WINONA — The City of Winona will host its first Virtual Live @the Levee event from 4 to 6 p.m. Jan. 17.

The event will include music curated by Treedome Studios, featuring local musicians on virtual stages, and attendees will be able to move from one group to another, talking virtually among themselves.

Attendees can sign up at Attendees will need a laptop computer, desktop computer, smartphone or tablet.

For more information, visit or the WINONArts Facebook page.

Mower County SWCD offering trees for landowners

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AUSTIN — The Mower County Soil and Water Conservation District is offering a variety of trees to be used as windbreaks and wildlife habitat.

The annual program, available online at, features bundles of bareroot trees and shrubs — mostly sold in bundles of 25, or there are four types of evergreens grown individually in containers — that can be ordered through the winter. Those interested can print the order form for mailing with a payment to Mower County SWCD or place an order online through the website. Limited quantities will be available after Feb. 28, and order cancellations will not be accepted after that date.

All orders must be placed and fully paid by April 1 with Mower County SWCD.

“Orders are on a first-come, first-serve basis, meaning that the sooner you place your order, the more likely you will get the trees you want,” said James Fett, tree program coordinator.

Varieties available this year include Common Chokeberry (small tree) and American Plum (shrub), along with two that used to be on the tree list: American Cranberry bush (shrub) and White Pine (evergreen tree).

Landowners who have questions or need help with planning a windbreak are encouraged to contact Larry Callahan at For more information, call 507-434-2603, ext. 5.

New COVID-19 testing hours in Winona begin Monday

WINONA — Beginning Monday, Winona Health will offer new hours for COVID-19 walk-in testing at the testing site is on the first floor of the Parkview Office Building, 825 Mankato Ave.

Those coming for COVID-19 testing are encouraged to dress appropriately for the weather in the event that the line extends outside the building. Masking and distancing precautions are required. People who would like to be tested at Winona Health outside of those hours will be directed to Urgent Care to see a provider.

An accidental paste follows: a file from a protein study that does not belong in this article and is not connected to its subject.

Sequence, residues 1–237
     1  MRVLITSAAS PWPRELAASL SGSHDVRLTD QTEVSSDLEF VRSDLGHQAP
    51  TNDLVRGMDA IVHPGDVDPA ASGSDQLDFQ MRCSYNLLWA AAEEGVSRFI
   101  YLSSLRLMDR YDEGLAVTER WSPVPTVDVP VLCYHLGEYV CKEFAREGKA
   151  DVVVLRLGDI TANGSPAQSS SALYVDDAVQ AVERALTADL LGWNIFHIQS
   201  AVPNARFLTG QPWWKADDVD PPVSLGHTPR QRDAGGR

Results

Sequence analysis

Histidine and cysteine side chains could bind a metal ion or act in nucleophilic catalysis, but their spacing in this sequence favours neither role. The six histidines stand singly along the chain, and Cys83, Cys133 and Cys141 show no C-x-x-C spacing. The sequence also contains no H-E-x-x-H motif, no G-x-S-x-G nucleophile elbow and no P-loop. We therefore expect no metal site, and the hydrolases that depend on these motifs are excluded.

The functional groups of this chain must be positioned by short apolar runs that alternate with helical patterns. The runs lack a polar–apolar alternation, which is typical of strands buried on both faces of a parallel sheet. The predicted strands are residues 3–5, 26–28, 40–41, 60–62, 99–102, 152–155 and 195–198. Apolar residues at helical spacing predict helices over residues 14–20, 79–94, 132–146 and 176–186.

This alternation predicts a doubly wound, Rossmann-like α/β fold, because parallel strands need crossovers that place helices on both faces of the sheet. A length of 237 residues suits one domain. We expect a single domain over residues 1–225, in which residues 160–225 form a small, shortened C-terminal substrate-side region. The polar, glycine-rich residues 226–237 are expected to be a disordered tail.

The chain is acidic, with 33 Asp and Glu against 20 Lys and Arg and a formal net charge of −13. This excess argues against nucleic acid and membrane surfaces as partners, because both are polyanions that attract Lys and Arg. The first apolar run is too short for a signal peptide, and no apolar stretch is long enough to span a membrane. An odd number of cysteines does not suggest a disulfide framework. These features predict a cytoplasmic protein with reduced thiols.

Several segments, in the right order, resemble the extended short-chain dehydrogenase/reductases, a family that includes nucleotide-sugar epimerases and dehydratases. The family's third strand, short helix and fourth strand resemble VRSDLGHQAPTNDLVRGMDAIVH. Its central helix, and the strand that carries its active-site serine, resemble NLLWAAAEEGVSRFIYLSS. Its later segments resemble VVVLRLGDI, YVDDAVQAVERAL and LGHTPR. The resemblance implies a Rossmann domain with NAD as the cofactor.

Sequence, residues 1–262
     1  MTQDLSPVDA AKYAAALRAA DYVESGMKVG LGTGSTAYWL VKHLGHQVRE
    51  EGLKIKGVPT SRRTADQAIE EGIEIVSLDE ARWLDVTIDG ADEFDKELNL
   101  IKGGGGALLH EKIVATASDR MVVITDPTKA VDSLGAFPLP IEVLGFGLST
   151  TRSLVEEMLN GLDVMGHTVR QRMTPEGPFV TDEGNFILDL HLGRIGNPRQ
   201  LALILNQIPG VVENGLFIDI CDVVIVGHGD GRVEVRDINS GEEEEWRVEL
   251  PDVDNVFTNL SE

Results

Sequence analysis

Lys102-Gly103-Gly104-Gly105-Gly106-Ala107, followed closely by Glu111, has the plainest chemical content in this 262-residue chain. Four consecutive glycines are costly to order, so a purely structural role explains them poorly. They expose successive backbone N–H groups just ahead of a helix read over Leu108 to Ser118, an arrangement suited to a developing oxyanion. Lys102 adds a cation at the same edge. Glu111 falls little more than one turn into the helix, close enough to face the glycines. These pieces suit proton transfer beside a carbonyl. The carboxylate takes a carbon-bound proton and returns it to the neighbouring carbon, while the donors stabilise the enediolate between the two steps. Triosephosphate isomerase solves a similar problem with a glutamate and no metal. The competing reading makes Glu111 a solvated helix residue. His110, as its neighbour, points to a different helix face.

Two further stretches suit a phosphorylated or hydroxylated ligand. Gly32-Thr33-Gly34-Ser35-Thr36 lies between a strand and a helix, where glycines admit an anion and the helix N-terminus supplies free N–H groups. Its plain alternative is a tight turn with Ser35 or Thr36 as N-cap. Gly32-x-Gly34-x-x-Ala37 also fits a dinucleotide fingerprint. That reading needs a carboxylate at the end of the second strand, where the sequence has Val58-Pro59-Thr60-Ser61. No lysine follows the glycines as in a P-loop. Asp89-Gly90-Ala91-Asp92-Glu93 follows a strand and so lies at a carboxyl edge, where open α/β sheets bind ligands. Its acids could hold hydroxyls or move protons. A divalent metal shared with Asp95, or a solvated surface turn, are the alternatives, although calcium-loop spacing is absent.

For more information, visit

SMIF donates $180,000 for early childhood care

OWATONNA — Southern Minnesota Initiative Foundation, in partnership with the Minnesota Department of Education, approved 18 grants through its Early Care and Education Wrap Around Grant program totaling $180,000.

The program helps fund early care and education services for children birth to age 8 from underserved populations in SMIF’s 20-county region impacted by the COVID-19 pandemic.

Recipients in Southeast Minnesota include Big Brothers Big Sisters of the 7 Rivers Region in Winona, Boys & Girls Club of Rochester, Dover-Eyota Public Schools, Families First of Minnesota in Olmsted County, Kasson-Mantorville Schools, Rochester YMCA, Saint Charles Public Schools, Stewartville Public Schools Community Education and Winona State University Children’s Center.

"It has always been SMIF’s mission to respond to early childhood needs in the region," said Rae Jean Hansen, vice president of early childhood at SMIF. "The pandemic has put new strains on the programs and people who care for young children. We are honored to partner with MDE and the GEER Fund to support children who rely on these organizations for their overall well-being."

Mower County Board will hear proposed changes to septic regulations

AUSTIN — At its meeting at 9 a.m. Tuesday, the Mower County Board of Commissioners will hear the proposed revisions to the subsurface sewage treatment systems ordinance.

In late December, the Mower County Planning Commission voted to forward the proposed changes for adoption by the county board, which launched a septic initiative a year ago to complete the final phase of the county’s long-running initiative to achieve septic compliance countywide.

"Poorly functioning septic systems are threats to human health and the environment,” said Angela Lipelt, Mower County Environmental Services supervisor. “These proposed revisions will better help us find and fix systems that likely are not removing pathogens, nutrients and other chemicals from wastewater before it enters our groundwater, lakes and streams.”

In 2020, Mower County made record progress working with property owners to get their septic systems into compliance. Overall, 128 new systems were installed, topping a previous record of 125 systems a decade ago. Another eight septic systems already have approval for construction in 2021, Lipelt said.

Proposed changes to the ordinance include additional compliance-inspection prompts; commercial and industrial septic systems needing to maintain constant compliance either through inspections or operating permits; and septic systems (if not compliant) needing to be upgraded before transferring property or an escrow will need to be established to transfer the property.